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Technical Paper

“Catalytic Engine” NOx Reduction of Diesel Engines with New Concept Onboard Ammonia Synthesis System

Ammonia is one of the most useful compounds that react with NOx selectively on a catalyst, such as V2O5-TiO2, under oxygen containing exhaust gas. However ammonia cannot be stored because of its toxicity for the small power generator in populated areas or for the diesel vehicles. A new concept for NOx reduction in diesel engine using ammonia is introduced. This system is constructed from the hydrogen generator by fuel reformer, the ammonia synthesizer, SCR catalyst for NOx reduction and the gas injection system of reformed gas into the cylinder. Experimental results show that, the SCR catalyst provides a very high rate of NOx reduction, reformed gas injection into cylinder is very effective for particulate reduction. WHEN CONSIDERING INTERNAL COMBUSTION ENGINES of the 1990's the question of how to harmonize the engine with the natural environments is one of the greatest problems. The internal combustion engine changes a substance into energy via its explosive combustion.
Technical Paper

Variation of Piston Friction Force and Ring Lubricating Condition in a Diesel Engine with EGR

Exhaust-gas recirculation (EGR) causes the piston rings and cylinder liners of a Diesel engine to suffer abnormal wear on the sliding parts. The present study aimed at making clear such abnormal wear structurally by examining the state of lubrication of the piston with a floating liner method, observing directly a visualized cylinder and experimenting on a Diesel engine for wear. As a result, it was confirmed that soot in EGR gas would change a lot the characteristics of the piston friction force. There are two mechanisms: one directly enters the sliding surfaces, and the other enters the ring rear, applying more load to them. It was also confirmed that the level of wear on the piston ring would vary to a large extent as the state of lubrication changed.
Technical Paper

The Effect of Crankshaft Offset on Piston Friction Force in a Gasoline Engine

Offsetting the crankshaft axis with respect to the cylinder axis has been thought to be a method to reduce piston side force[1]. Hence the piston friction is expected to be reduced. An automotive manufacturer has already used the crankshaft offset for a production gasoline engine to improve fuel economy. The authors have conducted research into the effect of crankshaft offset on the piston friction. A single-cylinder engine was modified to have a crankshaft offset. Piston frictional force was measured in real-time by using a floating liner method. In addition, laser-induced fluorescence (LIF) technique was employed to measure oil film thickness on the piston skirt area, and a gap sensor was used to measure piston motion. As a result, the authors concluded that the effect of crankshaft offset on piston friction could not be explained only by its effect on the piston side force. In accordance with the measurement results, crankshaft offset changed piston slap motion.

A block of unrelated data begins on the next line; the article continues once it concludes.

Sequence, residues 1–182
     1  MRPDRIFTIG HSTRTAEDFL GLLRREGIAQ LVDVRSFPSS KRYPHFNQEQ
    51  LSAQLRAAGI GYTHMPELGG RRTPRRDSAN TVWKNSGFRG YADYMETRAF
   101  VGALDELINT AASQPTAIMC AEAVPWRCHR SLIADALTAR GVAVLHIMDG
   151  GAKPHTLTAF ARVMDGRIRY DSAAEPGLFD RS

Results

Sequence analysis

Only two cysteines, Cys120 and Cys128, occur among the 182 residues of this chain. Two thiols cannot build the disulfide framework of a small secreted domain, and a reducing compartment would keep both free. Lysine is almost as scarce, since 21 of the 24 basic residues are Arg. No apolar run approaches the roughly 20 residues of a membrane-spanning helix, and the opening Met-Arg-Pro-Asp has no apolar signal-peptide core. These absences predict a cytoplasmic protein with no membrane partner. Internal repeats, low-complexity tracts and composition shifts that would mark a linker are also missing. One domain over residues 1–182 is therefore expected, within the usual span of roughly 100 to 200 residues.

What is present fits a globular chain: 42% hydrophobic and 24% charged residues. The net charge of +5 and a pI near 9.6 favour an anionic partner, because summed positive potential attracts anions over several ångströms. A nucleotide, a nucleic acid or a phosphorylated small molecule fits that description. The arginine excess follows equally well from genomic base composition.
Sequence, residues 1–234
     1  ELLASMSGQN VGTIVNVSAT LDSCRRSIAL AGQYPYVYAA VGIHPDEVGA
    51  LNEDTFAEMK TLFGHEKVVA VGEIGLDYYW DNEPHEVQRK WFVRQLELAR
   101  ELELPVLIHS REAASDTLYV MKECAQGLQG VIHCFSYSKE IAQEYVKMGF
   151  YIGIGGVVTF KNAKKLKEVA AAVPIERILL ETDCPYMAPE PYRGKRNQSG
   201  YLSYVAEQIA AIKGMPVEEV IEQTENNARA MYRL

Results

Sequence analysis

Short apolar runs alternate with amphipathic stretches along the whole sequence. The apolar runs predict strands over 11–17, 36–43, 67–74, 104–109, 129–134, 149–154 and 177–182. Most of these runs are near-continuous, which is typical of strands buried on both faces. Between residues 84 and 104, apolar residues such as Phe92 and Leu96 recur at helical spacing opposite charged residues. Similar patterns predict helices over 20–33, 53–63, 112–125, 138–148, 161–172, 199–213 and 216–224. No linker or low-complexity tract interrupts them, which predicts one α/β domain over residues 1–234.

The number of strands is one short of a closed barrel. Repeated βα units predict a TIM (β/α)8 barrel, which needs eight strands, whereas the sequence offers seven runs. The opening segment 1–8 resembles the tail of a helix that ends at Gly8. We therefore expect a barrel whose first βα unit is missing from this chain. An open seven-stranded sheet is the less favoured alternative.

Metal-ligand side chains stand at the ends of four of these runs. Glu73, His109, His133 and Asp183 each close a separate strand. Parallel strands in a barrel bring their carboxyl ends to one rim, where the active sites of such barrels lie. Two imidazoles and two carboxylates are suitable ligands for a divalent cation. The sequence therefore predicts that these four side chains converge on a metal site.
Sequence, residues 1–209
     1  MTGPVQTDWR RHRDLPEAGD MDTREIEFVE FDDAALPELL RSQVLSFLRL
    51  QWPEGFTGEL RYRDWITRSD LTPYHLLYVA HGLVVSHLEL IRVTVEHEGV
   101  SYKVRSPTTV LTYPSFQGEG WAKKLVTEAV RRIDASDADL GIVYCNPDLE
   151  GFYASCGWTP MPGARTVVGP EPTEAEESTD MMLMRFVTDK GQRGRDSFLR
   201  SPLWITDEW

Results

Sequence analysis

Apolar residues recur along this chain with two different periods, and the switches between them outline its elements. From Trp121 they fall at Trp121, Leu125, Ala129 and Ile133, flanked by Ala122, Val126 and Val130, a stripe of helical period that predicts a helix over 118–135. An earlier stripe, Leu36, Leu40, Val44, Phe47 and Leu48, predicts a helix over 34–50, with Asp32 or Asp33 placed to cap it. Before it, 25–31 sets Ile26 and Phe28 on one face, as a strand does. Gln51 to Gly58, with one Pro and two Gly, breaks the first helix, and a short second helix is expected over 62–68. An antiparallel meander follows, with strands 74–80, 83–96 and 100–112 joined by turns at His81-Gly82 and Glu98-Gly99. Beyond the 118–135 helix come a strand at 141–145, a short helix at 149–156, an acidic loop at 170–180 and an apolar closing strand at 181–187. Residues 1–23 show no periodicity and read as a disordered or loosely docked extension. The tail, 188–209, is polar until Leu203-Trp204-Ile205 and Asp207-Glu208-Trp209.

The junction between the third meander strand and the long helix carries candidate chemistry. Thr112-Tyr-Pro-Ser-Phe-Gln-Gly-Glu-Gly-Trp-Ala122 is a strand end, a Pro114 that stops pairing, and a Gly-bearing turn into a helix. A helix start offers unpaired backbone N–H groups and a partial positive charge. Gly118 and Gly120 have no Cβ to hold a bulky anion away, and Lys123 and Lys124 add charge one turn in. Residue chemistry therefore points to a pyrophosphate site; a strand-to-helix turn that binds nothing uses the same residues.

Technical Paper

Power Cylinder System Friction and Weight Optimization in High Performance Gasoline Engines

An ultra-lightweight piston and conrod without small end bush, combined with a ring pack designed for minimized friction is analyzed and demonstrated as an optimized power cylinder system in a high performance gasoline engine. Component and system analysis for optimizing the design, materials used and design features are reviewed, along with durability, NVH and friction testing results. Results are compared to other benchmark power cylinder system components for weight, performance and value.
Technical Paper

Part 2: The Effects of Lubricating Oil Film Thickness Distribution on Gasoline Engine Piston Friction

Due to increasing economic and environmental performance requirements of internal combustion engines, piston manufacturers now focus more on lower friction designs. One factor strongly influencing the friction behavior of pistons is the dynamic interaction between lubricating oil, cylinder bore and piston. Therefore, the dynamic effect of the oil film in the gap between the liner and piston has been studied, using a single cylinder engine equipped with a sapphire window. This single cylinder engine was also equipped with a floating liner, enabling real-time friction measurement, and directly linking the oil film behavior to friction performance of pistons.
Technical Paper

Measurement of Piston Frictional Force in Actual Operating Diesel Engine

Frictional force as a function of crank angle of a piston assembly and piston rings alone were measured after the following devices were developed. (1) A gas sealing device that did not affect the measuring values. (2) A device to minimize the effect of gas pressure on the cylinder head and block deformations. (3) A device to minimize the effect of piston slap force. From the measurement of the frictional force diagrams the following characteristics have been found. (1) Lubricating oil temperature has the greatest effect upon the frictional loss of the piston. (2) Piston friction does not increase to the point of becoming proportional to the engine speed. (3) Friction in the expansion stroke increases at high load by the piston slap phenomenon. But the increase of total losses are small because the duration is short. (4) Piston rings account for the majority of the entire frictional force of the piston.
Technical Paper

Influence of Clearance Between Piston and Cylinder on Piston Friction